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Progress and Power

here is a lot to be said about evolving technology. If you are into Chrysler-style engineering, the company did not miss a beat when they announced the new R6 engine package for NASCAR earlier this year. In the age of faltering showroom sales and economic gloom, we can be glad that Dodge was smart enough to recognize its pool of racing talent (Penske and Petty/Evernham) and begin work on a fresh engine for the Nextel/Sprint Cup Series; the result was two spots in the top 12 heading into the Chase.

The engine is the second race-only NASCAR mill designed from the bottom up. HOT ROD magazine did a great job breaking out what could be told about the technology at this time (understandably, a lot of the finished effort is proprietary, so raw castings illustrated part of the November 2009 story). Utilizing the same open-deck technology that had characterized the earlier edition, the head width was greatly narrowed to facilitate changes in the intake and exhaust runners (which are allowed more adjustment leeway than the head ports themselves). Weight was reduced by doing a lot of little things throughout the block; a significant 20 pounds ended up on the floor. Huge channeled passages surround the valves springs with oil, while coolant is pumped through the top of the head to a special plate that recirculates it right back to the radiator; the coolant is hottest when it hits the exhaust region and it leaves the engine immediately afterward. HOT ROD writer Jeff Huneycutt wondered out loud what will happen once an NHRA Comp team gets ahold of the technology....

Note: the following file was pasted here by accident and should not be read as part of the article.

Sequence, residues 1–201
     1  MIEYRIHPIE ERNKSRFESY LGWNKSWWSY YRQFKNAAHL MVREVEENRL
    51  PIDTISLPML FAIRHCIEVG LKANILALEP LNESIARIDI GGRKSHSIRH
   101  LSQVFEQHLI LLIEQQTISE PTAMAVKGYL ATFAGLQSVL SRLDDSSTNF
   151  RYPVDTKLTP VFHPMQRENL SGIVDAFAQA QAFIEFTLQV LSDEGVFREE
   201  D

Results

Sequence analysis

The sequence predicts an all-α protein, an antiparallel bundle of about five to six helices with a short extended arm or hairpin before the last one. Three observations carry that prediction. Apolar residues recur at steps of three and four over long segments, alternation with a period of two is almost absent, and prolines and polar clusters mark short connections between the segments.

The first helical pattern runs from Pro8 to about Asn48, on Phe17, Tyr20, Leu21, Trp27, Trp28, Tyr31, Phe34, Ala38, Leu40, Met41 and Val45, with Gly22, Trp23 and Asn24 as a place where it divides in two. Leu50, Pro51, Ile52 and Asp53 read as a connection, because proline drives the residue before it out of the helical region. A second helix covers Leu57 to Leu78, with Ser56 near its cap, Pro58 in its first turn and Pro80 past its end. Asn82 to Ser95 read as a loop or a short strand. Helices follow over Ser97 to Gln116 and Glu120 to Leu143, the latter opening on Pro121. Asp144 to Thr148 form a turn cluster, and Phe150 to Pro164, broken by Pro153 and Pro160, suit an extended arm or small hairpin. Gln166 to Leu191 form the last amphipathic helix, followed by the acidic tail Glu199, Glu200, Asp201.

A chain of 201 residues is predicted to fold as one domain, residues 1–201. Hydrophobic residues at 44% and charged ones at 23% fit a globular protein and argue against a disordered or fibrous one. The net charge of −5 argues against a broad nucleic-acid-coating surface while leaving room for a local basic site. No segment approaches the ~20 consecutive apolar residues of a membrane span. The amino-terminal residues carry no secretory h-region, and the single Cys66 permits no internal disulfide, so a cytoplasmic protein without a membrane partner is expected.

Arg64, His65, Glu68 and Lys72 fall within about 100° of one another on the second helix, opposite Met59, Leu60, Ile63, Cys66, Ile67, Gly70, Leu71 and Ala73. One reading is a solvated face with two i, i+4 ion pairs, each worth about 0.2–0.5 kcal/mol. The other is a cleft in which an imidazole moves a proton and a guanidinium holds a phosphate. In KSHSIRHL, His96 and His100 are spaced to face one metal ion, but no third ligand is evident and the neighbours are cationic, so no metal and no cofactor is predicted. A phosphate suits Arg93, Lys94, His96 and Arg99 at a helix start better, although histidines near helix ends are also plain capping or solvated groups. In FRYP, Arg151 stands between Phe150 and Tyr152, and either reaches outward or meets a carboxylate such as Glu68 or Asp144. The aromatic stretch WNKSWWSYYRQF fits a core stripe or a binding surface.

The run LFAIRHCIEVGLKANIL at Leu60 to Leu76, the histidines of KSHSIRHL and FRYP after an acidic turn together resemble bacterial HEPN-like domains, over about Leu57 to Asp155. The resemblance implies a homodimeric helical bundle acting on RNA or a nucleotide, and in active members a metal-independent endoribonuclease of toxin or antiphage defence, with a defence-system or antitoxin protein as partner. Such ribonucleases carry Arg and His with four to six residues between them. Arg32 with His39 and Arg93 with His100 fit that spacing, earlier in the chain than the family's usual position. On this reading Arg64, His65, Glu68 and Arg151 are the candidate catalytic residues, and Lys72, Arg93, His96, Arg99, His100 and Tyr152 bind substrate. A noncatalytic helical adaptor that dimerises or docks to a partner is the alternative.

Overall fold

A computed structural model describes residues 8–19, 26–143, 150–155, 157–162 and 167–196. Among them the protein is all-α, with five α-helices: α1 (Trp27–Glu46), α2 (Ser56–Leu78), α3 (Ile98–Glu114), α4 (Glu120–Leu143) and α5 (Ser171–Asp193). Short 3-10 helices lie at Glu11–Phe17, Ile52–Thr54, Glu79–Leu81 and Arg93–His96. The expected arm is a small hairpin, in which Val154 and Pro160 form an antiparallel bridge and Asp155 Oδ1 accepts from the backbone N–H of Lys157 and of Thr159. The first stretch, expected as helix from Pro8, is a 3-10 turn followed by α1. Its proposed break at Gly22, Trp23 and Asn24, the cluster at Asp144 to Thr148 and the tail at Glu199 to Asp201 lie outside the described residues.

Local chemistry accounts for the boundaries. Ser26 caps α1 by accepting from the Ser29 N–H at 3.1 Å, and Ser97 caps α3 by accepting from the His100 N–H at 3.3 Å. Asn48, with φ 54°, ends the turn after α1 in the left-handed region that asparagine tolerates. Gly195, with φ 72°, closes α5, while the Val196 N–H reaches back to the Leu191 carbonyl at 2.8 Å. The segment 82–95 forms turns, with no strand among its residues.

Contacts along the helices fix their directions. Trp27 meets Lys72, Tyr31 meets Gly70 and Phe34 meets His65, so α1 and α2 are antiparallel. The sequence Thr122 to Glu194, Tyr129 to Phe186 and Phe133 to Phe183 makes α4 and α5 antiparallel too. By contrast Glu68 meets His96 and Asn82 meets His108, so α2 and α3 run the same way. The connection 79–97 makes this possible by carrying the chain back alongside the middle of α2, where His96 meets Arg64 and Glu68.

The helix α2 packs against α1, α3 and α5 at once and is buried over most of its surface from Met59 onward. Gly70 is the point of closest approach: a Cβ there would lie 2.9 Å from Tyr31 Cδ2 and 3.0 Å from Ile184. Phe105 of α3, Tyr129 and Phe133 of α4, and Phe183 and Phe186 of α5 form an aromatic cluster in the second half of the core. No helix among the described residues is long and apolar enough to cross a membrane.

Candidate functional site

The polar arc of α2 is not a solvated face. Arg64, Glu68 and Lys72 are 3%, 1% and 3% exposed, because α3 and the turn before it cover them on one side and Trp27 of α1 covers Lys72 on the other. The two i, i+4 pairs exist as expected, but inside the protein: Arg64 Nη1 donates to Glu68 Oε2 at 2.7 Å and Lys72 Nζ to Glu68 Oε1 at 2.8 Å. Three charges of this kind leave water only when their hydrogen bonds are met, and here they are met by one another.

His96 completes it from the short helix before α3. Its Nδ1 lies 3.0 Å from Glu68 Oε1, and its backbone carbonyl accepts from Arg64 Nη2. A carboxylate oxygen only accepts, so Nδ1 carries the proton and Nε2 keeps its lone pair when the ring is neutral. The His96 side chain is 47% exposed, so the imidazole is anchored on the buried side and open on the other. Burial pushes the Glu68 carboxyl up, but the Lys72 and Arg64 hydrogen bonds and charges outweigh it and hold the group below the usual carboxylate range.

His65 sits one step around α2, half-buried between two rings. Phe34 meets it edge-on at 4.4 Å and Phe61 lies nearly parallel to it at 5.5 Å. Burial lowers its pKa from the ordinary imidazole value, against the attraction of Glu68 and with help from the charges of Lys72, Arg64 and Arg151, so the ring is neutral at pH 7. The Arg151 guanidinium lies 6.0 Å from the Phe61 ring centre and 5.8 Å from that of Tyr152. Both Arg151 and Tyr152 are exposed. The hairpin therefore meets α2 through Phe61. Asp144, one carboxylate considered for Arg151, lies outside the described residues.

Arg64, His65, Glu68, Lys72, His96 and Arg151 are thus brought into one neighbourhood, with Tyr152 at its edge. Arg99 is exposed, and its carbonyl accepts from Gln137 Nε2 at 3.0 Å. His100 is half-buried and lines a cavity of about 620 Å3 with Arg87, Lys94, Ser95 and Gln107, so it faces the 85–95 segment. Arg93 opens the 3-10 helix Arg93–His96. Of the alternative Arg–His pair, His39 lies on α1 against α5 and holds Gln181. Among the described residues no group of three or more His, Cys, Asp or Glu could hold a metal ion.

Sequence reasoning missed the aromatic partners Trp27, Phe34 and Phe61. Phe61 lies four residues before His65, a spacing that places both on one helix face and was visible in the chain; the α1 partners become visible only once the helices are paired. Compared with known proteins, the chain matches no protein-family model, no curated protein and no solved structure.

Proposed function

Meanwhile, with the Fiat alliance in full swing, Chrysler’s street engine line-up will end up looking a lot different in the next few years. Like most Mopar guys, I’m a firm believer in the 1960s dyno rooms at Highland Park, but the reality of the modern world may actually give Chrysler a technological leg up as the deal moves forward; the Germans left little in the conduit in terms of technology.

Fiat has several possible powerplants that could end up in the marquee’s vehicles, and I will preface this by stating that the reality of the Obama-orchestrated bankruptcy seems to have been to deliberately pull Chrysler off performance as we know it. The eco-minded Euro-weenies in the mainstream automotive press were besides themselves with glee that they might get to drive Alfa-Romeos and Fiat’s little 500 and Abarth – the latter are mini hot-rods for guys who never grew chest hair, but I digress.

According to a story in Bloomberg in late June, the heart of Fiat’s jump will be the $100 million MultiAir engine, a ten-year project which removes the normal valvetrain and uses a computer-controlled hydraulic-lift valve to gauge the air/fuel flow directly into the combustion chamber. It is considered ‘breakthrough technology’ and other engineers in the OEM fields that have experimented with similar designs declined to comment on the record when the design was described to them. Horsepower is increased and emissions are reduced by the process, which eliminates the inefficiencies found in mechanical valvetrain designs. 

The downside – we may have solid horsepower but the technology is presently slated for four-cylinder and V6 applications only. The article stated engineer Rinaldo Rinolfi doesn’t expect Fiat technology will be applied to Chrysler’s biggest engines, including 6-liter ones (late-model Hemi), which he said are destined to disappear “the way the dinosaurs did.” The story went on to relay how Europeans have needed to advance small-engine technology not based on the pseudo-green science driving USA efforts, but the high cost of fuel itself. With few European nations approaching the size of many Midwestern states, it is quite a challenge to tell people to ride around these micro-machines.

To Mr. Rinolfi and the rest, I’ll just say… we’re still Americans. My advice – take that MultiAir technology and throw it onto a 6.1 and see what sort of efficiency you can come up with. This will be despite Dear Leader Obama and his cohorts having raised standards for new cars and trucks sold in the U.S. (by 2016, passenger vehicles must have a combined fuel economy standard of 35.5 miles per gallon, a 40 percent improvement over current standards). You want customers? We’re here waiting....

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